Three years after Crack-Up, Fleet Foxes’ spectacular third full-length LP, the Seattle-based indie folk band have made a surprise return with a warmer, but no less mercurial, dive into the psyche of front-man Robin Pecknold. Textured, intricate and soaked in existential euphoria, Shore poses a worthy challenge for Alex Beath's first glorious endeavour into music reviewing.
Corresponding with the autumnal equinox, Fleet Foxes’ surprise fourth studio album, Shore, was released on the 22nd of September, with an accompanying hour-long 16mm road movie directed by Los Angeles artist Kersti Jan Werdal. Essentially a solo work, Pecknold wrote the entirety of Shore alone, drawing inspiration from what he calls the “dark times” between touring 2011’s Helplessness Blues and writing 2017’s Crack-Up, as he dealt with suicidal ideation and depression.
Inevitably, the pandemic also had a role to play in the creation of the album, with Pecknold fleeing the West Coast and retreating into isolation in his New York apartment to continue writing with renewed vigour. Despite the album being informed by some of the Seattle-native's toughest moments, the record is a surprisingly upbeat one, more akin in tone to 2008’s self-titled full-length debut than the abstract Helplessness Blues, or the intense Crack-Up.
Image Credit: Shervin Lainez
Imagery is a central component to all of Fleet Foxes’ work, and unsurprisingly water, the sea, and the weather are all recurring themes on Shore - nature and rural landscapes being used by Pecknold in nearly all of his work. However, whereas on Crack-Up, the ocean was conveyed as an angry, stormy entity, on Shore the sea is portrayed distinctly different. In fact, Pecknold explained on Instagram that the name ‘Shore’ was chosen for the title of the album because of a surfing accident that left him swimming against the currents for a long time, before finally reaching the shore - the album therefore being a representation of intense relief.
Celebrating the lives of other people is another theme which surfaces throughout the album; second track, Sunblind, being a key example of this. The song is an ode to being alive, with a warm, sunny chorus and uplifting lyrics: “I’m gonna swim for a week in/ Warm American water with dear friends.” The second verse also uses backing vocals to recite the first names of a few of Pecknold’s dead musical heroes (Arthur [Russell], Marvin [Gaye], Jimi [Hendrix]) in a tribute to some of his greatest inspirations. Fourth track Jara, is another rousing tribute, with the song itself being named after Victor Jara, a Chilean protester who was killed during the US-influenced 1973 coup which brought down the then socialist president Salvadore Allende.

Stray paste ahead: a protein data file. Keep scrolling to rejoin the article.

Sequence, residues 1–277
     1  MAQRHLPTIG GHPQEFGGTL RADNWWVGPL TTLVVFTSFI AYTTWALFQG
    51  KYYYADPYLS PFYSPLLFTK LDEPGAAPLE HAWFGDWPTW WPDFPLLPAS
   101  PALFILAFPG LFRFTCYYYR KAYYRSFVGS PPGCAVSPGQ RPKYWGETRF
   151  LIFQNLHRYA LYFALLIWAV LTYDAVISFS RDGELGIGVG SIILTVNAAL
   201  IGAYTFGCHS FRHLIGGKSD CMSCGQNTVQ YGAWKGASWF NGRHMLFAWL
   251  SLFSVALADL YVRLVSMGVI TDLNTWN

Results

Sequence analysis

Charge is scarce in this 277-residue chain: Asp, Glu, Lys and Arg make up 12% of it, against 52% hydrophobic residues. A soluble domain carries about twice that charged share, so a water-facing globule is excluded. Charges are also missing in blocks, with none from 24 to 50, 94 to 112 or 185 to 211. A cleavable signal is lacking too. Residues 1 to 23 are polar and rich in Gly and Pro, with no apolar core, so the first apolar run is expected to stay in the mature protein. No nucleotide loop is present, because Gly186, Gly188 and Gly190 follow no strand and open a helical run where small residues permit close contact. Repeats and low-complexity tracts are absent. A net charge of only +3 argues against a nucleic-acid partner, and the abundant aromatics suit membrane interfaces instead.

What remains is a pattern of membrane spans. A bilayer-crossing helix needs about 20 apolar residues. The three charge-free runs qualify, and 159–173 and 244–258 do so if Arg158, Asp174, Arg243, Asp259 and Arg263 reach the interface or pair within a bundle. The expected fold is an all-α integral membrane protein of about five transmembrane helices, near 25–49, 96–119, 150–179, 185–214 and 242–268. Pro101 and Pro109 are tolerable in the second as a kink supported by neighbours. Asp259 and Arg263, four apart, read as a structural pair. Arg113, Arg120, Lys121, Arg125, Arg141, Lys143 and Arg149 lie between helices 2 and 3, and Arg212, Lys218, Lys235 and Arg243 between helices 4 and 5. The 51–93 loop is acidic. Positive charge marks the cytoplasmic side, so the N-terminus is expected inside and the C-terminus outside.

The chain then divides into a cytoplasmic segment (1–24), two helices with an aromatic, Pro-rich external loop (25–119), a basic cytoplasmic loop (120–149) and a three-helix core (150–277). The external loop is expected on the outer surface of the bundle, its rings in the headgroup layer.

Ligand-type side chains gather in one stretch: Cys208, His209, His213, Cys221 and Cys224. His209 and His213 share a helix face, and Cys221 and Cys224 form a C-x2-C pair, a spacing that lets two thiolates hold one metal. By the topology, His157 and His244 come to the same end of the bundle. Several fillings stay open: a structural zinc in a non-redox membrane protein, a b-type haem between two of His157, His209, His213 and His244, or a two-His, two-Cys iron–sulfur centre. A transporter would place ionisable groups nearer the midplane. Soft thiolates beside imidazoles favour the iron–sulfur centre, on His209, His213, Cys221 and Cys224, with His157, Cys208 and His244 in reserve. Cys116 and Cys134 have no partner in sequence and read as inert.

“Shore is a reflection on life, art, and death.”
The first track off Shore, Wading in Waist High Water, opens with the soft, feathery vocals of Uwade Akhere, a student studying at the University of Oxford who Pecknold found on YouTube, and whose vocals reappear again at the end of the album. One minute in, the song bursts into life with a sweeping orchestral crash of drums and horns, setting the tone for the rest of the LP. The grand, layered sounds of the opening track is a running theme throughout Shore and can be seen again almost immediately on third track Can I Believe You. An uplifting, vibrant affair, it is one of the most listenable on the album, having an unmistakably sweeping feel to it that compliments the oceanic imagery.
Uncoincidentally, the tone and character of the album isn’t dissimilar to the character of the ocean. Bright, lively songs such as Maestranza; Young Man’s Game; and Sunblind represent the light, sunny aspect of the sea, whilst slower, more sentimental songs (Featherweight; I’m Not My Season; and For a Week or Two), echo the more peaceful, calm side of the ocean. The intense, stormy flipside is also embodied in songs like Quiet Air/ Gioia; and Cradling Mother, Cradling Woman, which have an angry, unstable quality to them - similar to the tones that ran through Crack-Up.
Like Crack-Up, Shore is a reflection on life, art, and death, but from a completely different perspective. Unlike the sombre, stormy atmosphere of Fleet Foxes’ third studio album, Shore’s vivacious take on life and death is more akin to Fleet Foxes’ debut and sophomore albums, leaving fans of Fleet Foxes’ early work well-pleased. Listening to Shore is an invigorating experience in which Pecknold takes a long, hard look at the world, and comes away not only satisfied, but optimistic.
Written by: Alexander Beath
Edited by: Dominic Allum